So, safe to say, I suck at keeping up with this blog.  But I’m sure you get it-sometimes life just gets in the way, and things get pushed to the back burner, again, and again.

I was motivated to write this post though.  I know when I was going through our infertility journey my blog touched a few people, and in some small way helped them feel less alone.  Maybe I educated a few people as well.

I know how another cause to promote and educate on, and maybe a few people will read this post and feel less alone. 

As I may have mentioned in my earlier and rare posts, Harper has been developmentally behind for a few months.  In order to get her back on track, we started physical therapy with her, to work on her gross motor skills.  A few months passed, and she wasn’t making the progress we had hoped, so our pediatrician referred her to a neurologist, who ordered several tests, including an MRI and a microarray analysis of her chromosomes.

We fully expected all the tests to come back negative, as a large majority of kids with low muscle tone (which she has) has no medical diagnosis for it.  Her MRI did come back normal, as expected.

Her chromosome analysis however, showed a small deletion in the 18th chromosome. A little missing material.

This deletion and missing material indicates, and she has now been diagnosed with, Pitt Hopkins Syndrome. 

In a nutshell,  Pitt Hopkins Syndrome (PTHS) is a rare genetic disorder affecting a specific gene in chromosome 18, called TCF4. It is characterized by significant developmental delay, problems with motor coordination and balance, breathing abnormalities, seizures and intellectual disability.  Most individuals with Pitt Hopkins do not develop functional speech.  Children with Pitt-Hopkins syndrome typically have a happy, excitable demeanor with frequent smiling and laughter (which totally describes our sweet Harper!)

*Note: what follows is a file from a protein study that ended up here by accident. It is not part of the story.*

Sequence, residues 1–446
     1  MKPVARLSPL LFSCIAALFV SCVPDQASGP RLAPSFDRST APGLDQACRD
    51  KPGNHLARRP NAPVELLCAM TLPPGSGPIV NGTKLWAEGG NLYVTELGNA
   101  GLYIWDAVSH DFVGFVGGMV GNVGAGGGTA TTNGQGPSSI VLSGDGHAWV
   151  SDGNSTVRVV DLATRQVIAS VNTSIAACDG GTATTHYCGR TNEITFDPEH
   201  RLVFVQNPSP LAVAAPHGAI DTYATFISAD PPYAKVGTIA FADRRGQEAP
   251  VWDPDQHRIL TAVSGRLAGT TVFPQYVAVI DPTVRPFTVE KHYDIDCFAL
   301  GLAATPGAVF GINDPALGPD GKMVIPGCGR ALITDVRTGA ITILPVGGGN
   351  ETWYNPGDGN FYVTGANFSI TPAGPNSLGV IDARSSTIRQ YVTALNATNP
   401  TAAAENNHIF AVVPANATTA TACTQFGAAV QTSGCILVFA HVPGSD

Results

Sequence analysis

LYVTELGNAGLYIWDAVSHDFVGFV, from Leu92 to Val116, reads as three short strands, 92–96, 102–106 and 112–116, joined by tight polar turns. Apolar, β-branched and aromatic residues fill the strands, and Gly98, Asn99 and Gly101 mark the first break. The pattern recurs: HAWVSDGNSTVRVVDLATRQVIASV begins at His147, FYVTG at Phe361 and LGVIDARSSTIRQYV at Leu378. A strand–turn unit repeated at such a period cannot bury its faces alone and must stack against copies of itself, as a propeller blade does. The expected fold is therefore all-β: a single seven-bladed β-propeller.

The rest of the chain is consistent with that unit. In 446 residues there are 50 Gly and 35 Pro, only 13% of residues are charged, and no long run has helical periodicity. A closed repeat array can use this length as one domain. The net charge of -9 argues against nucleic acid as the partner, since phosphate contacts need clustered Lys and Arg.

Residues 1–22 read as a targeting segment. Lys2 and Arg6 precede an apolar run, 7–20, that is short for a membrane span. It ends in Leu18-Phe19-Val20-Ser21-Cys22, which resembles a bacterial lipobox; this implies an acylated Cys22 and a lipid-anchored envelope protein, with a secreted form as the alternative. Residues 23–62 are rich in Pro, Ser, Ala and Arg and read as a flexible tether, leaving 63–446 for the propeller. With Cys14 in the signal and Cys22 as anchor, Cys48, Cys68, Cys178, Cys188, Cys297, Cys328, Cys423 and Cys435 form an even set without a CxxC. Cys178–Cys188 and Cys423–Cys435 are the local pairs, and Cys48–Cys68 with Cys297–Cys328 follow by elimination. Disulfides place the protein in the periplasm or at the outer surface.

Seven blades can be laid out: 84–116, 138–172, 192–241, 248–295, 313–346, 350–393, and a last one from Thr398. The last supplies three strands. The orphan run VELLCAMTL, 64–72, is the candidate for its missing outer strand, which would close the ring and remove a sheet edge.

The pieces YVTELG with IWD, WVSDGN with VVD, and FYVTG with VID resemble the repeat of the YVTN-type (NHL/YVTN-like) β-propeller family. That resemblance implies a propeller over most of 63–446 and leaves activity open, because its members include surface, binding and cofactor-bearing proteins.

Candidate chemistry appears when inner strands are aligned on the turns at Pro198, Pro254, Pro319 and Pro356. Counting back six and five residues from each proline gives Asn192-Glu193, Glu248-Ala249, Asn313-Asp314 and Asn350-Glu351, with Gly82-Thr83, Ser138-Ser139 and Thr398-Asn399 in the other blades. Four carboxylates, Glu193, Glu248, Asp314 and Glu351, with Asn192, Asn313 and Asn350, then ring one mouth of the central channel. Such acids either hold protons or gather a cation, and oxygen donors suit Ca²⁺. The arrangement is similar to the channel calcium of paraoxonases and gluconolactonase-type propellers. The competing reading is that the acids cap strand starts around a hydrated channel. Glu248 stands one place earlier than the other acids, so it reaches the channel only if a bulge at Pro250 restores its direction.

Since the gene that causes Pitt Hopkins was only found in 2007, currently there are only about 350 children worldwide diagnosed with this syndrome, however there are likely more, that are currently undiagnosed.

Going forward we are gong to continue with her physical therapy and occupational therapy, as well as speech therapy.  We are going to continue seeing her neurologist and will most likely start seeing a developmental pediatrician as well.  Our goal is to give our angel every possible advantage we can, so that she can reach her maximum potential.  We know that there is a reason she was given to us – and we are blessed that she is our daughter. 

A parent never expects that they will have a “special needs” child (nor does anyone expect it will take multiple rounds of IVF to conceive their children!)  You start off with this little squishy bundle and imagine how life will be, and the road they will travel.  All of a sudden, Harper’s road is starting to look a little bumpy, and much different than the one on the map in our heads.  Our challenge, as parents, is to accept this new road and embrace it.  It can’t be changed, but her journey can most certainly be affected by how we handle this, and how with determination and love, we do everything we can for her and with her.  And somehow, in learning how to navigate this, we also have to remember that Nolan, is no less “special” than his sister-they are just more unique they we ever realized!

If you want to learn anymore about this syndrome, here is a good website that has some great information.



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